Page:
Adding the results of a recently published clinical study to a previous Cochrane review has led to a major shift in thinking. The authors now say that doctors should stop routinely giving steroids after severe brain injury because it increases death rates.
Traumatic brain injury is a leading cause of death and disability. In the US alone, over 33,000 people suffer some form of brain injury related disability each year. Since early reports of benefit in the 1960s, doctors have used corticosteroids as part of the treatment. A previous version of this review had said there was insufficient evidence to be certain about the benefits of the treatment.
Because of the inconclusive earlier review, the UK Medical Research Council set up a large trial to address this question. "The CRASH trial was larger than all the other trials put together, and gave a clear result that patients given steroids have a greater chance of dying than those who did not receive them," says Dr Phil Alderson of the UK Cochrane Centre in Oxford, who wrote the review along with Prof Ian Roberts of the London School of Hygiene and Tropical Medicine.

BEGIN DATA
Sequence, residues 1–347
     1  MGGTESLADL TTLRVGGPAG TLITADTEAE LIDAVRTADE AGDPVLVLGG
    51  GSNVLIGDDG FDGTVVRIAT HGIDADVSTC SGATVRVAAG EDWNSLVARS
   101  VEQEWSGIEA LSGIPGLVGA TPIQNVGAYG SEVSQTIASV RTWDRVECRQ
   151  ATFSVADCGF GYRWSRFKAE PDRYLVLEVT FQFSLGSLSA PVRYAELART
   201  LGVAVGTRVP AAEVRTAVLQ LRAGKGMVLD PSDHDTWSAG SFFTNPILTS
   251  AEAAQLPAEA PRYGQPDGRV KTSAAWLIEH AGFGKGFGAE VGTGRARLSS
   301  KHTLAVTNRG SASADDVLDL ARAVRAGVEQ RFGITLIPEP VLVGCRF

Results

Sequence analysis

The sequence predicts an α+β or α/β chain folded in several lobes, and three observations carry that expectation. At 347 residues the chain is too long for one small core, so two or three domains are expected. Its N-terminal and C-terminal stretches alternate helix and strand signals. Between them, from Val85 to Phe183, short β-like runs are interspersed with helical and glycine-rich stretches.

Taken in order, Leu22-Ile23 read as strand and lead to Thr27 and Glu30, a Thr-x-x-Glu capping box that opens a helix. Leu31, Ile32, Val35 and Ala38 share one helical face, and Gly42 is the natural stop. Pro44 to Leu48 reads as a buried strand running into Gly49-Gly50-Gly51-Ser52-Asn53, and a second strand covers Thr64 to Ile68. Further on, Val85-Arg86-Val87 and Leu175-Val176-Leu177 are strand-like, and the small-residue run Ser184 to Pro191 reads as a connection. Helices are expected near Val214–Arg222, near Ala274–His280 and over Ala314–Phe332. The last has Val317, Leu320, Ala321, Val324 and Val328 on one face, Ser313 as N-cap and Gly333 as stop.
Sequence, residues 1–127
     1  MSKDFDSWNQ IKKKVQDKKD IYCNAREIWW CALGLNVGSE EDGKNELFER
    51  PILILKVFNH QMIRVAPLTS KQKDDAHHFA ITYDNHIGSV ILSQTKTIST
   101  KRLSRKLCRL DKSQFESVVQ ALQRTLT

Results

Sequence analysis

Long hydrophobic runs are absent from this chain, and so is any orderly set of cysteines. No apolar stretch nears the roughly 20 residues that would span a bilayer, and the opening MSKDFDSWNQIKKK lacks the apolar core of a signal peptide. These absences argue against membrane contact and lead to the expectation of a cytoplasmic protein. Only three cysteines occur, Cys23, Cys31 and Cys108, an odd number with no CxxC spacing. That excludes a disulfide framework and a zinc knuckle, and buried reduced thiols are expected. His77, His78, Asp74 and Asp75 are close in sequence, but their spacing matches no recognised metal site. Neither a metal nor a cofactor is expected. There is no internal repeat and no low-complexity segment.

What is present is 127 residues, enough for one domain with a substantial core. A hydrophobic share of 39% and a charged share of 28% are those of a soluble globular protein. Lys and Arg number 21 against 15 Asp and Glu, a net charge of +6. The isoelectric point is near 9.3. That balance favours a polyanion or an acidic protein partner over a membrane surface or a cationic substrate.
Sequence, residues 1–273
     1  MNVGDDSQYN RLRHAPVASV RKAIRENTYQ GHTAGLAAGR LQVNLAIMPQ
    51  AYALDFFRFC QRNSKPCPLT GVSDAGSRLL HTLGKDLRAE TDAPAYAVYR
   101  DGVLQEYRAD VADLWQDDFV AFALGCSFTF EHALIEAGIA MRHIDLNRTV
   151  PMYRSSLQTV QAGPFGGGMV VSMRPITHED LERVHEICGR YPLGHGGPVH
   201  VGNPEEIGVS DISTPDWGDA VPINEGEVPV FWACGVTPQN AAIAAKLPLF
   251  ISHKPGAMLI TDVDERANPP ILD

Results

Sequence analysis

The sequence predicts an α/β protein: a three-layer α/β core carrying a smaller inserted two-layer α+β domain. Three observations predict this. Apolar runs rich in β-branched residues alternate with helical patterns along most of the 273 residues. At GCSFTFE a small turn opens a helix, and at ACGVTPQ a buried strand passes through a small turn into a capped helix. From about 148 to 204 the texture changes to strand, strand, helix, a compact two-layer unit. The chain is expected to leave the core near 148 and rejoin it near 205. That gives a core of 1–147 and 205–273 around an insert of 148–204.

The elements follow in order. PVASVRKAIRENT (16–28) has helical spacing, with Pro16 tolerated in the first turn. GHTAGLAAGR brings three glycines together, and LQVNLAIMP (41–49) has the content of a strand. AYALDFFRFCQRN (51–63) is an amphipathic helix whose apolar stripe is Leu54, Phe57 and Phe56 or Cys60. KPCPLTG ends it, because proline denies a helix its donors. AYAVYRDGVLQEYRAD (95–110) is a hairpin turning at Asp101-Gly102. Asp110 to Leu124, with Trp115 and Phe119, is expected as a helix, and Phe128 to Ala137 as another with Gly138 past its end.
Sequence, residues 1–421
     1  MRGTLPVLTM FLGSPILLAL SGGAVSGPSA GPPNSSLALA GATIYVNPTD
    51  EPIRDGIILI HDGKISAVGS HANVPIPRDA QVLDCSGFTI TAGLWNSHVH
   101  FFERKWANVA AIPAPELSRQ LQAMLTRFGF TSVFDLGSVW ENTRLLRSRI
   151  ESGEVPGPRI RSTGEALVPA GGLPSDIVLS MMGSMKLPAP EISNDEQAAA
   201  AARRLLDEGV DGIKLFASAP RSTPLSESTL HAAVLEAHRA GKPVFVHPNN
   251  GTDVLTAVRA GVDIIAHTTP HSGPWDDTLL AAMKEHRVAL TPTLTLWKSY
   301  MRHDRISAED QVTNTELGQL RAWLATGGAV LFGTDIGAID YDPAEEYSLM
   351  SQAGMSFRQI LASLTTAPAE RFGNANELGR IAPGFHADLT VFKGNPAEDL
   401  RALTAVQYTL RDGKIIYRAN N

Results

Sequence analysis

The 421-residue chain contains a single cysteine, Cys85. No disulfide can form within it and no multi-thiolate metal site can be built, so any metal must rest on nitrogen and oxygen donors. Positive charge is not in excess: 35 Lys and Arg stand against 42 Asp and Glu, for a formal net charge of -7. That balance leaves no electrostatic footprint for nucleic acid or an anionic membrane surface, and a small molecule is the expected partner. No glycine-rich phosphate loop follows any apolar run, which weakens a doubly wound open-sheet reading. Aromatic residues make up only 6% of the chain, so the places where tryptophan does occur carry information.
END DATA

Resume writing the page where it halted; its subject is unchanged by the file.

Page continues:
The Cochrane authors' conclusion is unequivocal stop using corticosteroids routinely for people with traumatic head injury.
Review title: Alderson et al: Corticosteriods for acute traumatic brain injury. The Cochrane Database of Systematic Reviews 2005, Issue 1
Don't take antibiotics for acute laryngitis
Penicillin V and erythromycin give little or no benefit to people suffering from acute laryngitis. Taking them only runs the risk of stimulating the growth of antibiotic resistant bacteria.
Winter is a time when many people find their throat sore, the voice hoarse and they have a fever and difficulty swallowing. Correctly thinking they have laryngitis they head off to
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